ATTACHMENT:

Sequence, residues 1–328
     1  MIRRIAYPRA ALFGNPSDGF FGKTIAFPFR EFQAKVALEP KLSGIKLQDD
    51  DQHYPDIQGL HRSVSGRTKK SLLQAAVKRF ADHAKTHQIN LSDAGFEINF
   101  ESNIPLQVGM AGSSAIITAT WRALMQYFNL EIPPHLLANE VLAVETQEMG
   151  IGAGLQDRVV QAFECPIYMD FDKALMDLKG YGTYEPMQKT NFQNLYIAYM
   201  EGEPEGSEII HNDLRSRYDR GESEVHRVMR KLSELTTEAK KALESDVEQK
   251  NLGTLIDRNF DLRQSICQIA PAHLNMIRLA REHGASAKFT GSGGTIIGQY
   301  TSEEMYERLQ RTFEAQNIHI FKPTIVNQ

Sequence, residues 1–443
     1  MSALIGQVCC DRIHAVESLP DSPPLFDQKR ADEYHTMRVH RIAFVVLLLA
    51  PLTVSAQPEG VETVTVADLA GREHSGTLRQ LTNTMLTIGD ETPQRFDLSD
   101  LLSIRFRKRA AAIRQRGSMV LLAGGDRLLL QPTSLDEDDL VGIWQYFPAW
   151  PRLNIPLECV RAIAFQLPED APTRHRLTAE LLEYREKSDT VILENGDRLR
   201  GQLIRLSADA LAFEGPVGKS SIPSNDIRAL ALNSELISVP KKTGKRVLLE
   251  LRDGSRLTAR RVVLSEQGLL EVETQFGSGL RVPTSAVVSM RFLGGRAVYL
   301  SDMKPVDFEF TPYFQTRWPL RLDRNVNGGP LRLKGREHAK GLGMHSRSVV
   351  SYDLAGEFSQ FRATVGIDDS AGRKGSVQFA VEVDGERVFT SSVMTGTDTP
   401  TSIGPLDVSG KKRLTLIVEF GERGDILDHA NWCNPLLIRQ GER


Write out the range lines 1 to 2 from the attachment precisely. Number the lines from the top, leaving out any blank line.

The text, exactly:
Sequence, residues 1–328
     1  MIRRIAYPRA ALFGNPSDGF FGKTIAFPFR EFQAKVALEP KLSGIKLQDD